TOUCHPOINT
July 2017

Myth and History

In his late 20s, C. S. Lewis began talking to J. R. R. Tolkein about faith. Lewis was an atheist, Tolkien a Catholic. Lewis loved mythology, especially Norse mythology, with its great stories of Thor, Baldur and Loki. Tolkein also loved mythology, especially Christian mythology. It seems that Lewis’ moment of conversion happened during a long night’s conversation with Tolkein who explained that Christianity was indeed a mythology, but one with a historic core. Both realized that mythology and truth are not opposed.

From a historical point of view, some myths are fictions. The Santa Claus story communicate a profound truth—the giving of gifts is a good thing to do. There is also the story of two young monks who set out on a full day’s journey from their monastery to another. At noon, they meet a beautiful young woman standing at the edge of a shallow river. She wanted to cross the river but was afraid. One of the monks gathered her up in his arms and carried her across the river. The two monks then continued their journey in silence. At the end of the day, as they approached their destination, the one who did not pick up the young woman said to the other, “Brother, I don’t think it was prudent of you to pick up that woman and carry her across the river.” The other replied, “Brother, I put her down on the other side of the river; you are still carrying her.” Did this story ever happen? This question misses the point. The point is that it happens all the time. Myths convey profound truths.

Tolkien’s point was that the story of Jesus, the one who Christians believe forgives sins and conquers death, actually happened. Do Christians (and Jewish people, for that matter), believe that everything in the Bible actually happened? Many do not. The Book of Job is not the hard-luck story of a man named Job, but rather a story about why bad things happen to good people. Was there actually a good Samaritan? Well, no, but on the other hand, there are thousands, even millions of good Samaritans.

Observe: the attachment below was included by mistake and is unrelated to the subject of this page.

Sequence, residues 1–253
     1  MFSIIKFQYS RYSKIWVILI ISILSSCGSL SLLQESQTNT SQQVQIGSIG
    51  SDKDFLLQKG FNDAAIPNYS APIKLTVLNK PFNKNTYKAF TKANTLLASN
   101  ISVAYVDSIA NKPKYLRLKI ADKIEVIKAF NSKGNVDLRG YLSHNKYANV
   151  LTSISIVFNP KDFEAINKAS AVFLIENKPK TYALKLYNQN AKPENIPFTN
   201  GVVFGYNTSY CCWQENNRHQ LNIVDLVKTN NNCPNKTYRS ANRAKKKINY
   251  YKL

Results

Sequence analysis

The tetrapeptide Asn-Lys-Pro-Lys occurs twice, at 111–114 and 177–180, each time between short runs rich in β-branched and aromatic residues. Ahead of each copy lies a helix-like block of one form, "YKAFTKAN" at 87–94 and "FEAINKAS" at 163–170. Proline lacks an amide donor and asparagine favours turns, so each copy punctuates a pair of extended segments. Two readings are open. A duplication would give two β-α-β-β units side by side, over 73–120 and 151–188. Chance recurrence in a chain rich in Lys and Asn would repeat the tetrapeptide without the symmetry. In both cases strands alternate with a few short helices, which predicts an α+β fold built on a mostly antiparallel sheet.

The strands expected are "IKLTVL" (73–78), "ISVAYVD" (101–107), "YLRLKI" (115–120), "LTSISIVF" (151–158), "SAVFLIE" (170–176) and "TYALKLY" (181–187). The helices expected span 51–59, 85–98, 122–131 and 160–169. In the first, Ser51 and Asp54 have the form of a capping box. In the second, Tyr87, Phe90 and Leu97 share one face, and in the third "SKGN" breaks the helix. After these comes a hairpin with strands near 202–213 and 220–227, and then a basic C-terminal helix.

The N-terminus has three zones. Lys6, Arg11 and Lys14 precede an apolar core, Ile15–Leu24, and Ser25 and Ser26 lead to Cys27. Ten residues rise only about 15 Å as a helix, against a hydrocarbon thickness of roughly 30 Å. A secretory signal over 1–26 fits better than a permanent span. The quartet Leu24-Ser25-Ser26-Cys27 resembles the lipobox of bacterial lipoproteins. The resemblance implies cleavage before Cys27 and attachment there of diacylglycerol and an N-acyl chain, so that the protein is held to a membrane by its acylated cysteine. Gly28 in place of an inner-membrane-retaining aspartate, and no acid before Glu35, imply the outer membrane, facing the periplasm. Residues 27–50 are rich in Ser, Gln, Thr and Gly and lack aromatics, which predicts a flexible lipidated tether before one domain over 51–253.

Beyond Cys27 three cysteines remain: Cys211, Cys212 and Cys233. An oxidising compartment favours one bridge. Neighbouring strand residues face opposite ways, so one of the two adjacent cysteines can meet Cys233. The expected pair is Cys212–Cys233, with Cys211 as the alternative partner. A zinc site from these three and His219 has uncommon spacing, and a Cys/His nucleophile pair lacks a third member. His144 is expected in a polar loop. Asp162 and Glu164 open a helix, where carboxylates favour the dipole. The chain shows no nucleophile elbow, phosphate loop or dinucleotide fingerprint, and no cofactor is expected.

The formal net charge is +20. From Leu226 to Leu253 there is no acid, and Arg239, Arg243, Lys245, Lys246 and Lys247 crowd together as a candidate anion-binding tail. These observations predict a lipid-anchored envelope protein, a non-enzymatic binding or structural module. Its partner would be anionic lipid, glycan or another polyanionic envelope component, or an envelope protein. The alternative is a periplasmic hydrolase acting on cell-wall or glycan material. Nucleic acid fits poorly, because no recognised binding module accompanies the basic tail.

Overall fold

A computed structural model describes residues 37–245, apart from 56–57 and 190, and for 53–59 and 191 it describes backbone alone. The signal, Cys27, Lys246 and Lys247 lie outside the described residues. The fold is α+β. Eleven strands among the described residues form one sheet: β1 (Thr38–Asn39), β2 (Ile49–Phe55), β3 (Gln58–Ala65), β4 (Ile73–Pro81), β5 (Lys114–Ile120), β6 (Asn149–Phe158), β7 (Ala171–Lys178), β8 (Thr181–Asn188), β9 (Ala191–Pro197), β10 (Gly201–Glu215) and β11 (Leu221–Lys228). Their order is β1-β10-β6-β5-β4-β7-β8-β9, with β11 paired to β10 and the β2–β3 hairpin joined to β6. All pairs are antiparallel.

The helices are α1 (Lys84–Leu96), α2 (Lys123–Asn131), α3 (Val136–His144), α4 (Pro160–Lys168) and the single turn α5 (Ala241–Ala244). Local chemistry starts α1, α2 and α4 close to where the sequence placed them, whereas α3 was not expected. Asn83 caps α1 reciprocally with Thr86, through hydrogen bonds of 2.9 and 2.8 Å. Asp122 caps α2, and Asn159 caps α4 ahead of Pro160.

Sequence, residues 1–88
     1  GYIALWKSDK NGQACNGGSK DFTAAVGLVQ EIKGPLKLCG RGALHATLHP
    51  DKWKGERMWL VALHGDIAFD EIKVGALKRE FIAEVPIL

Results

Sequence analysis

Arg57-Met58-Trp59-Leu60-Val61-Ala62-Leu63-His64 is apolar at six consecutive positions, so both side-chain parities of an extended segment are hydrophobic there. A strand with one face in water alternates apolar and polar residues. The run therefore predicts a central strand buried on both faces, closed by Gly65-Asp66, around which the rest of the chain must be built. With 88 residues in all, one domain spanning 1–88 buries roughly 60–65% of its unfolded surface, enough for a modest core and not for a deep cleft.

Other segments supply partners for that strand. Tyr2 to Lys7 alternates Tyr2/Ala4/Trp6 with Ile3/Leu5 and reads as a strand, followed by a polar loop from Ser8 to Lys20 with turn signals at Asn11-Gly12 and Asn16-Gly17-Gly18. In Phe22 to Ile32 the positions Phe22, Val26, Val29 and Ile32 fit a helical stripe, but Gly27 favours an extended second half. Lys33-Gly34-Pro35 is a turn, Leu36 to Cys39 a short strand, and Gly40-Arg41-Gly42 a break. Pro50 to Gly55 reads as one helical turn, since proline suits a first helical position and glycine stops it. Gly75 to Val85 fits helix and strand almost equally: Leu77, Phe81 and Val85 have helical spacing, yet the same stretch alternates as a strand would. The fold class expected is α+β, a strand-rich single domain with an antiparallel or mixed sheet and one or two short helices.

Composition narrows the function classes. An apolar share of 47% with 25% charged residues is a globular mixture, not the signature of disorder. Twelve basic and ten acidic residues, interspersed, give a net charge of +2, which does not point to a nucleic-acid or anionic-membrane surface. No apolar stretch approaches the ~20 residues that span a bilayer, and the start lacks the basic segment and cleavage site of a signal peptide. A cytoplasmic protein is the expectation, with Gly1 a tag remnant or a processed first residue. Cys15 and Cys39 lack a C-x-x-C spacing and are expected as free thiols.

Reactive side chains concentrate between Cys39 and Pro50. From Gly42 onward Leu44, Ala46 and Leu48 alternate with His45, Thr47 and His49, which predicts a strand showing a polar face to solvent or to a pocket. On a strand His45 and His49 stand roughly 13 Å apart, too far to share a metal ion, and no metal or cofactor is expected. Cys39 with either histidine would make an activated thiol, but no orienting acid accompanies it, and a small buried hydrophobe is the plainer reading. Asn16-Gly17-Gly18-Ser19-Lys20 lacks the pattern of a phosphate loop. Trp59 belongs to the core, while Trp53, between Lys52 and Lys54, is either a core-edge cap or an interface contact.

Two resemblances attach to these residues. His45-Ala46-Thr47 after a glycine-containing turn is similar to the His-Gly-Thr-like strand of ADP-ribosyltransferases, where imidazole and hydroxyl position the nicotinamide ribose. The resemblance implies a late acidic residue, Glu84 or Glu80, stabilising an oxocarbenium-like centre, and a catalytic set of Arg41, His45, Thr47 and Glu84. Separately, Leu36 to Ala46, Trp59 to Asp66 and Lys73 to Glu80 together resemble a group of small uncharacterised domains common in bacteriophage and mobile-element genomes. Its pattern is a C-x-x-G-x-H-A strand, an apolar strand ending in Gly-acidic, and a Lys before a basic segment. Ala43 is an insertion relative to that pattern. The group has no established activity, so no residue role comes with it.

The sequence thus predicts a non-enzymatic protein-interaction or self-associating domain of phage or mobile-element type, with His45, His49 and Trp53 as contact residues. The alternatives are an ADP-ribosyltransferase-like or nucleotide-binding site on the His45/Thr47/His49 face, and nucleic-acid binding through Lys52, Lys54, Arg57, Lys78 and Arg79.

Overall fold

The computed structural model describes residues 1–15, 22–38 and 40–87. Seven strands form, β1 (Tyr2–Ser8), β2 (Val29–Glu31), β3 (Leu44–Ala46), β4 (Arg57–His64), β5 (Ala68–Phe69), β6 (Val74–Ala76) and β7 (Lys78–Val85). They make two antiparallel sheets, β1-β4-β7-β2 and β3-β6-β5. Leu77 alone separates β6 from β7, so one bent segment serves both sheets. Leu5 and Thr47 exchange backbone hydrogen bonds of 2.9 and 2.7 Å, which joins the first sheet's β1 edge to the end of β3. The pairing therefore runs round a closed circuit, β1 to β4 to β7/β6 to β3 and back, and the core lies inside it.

How do you know whether a story is to be taken literally, or understood as a myth with historical elements, or as fiction? It takes study. Religious traditions that recognize in the Bible different literary forms—legends, history, myths—help us to read the Bible intelligently. For a religious believer, however, study is not enough. It also takes faith, or at least a willingness to be open to more than can be proven. Everything that counts is not countable. Intelligence is no more an obstacle to faith than myth is to truth.

Perhaps it is no coincidence that both Lewis and Tolkein were students of literature and writers of stories. They knew that stories are more interesting than sermons, especially stories that illuminate the meaning of life. I am glad the two met when they did and took each other seriously. We have all benefited.


Recent Oxford Publications

Learned Ignorance: Intellectual Humility Among Jews, Christians and Muslims

“This explicitly theological and exceptionally engaging collection of scholarly essays represents trilateral dialogue in its most refined yet attractively challenging form.”
— John Borelli, Georgetown University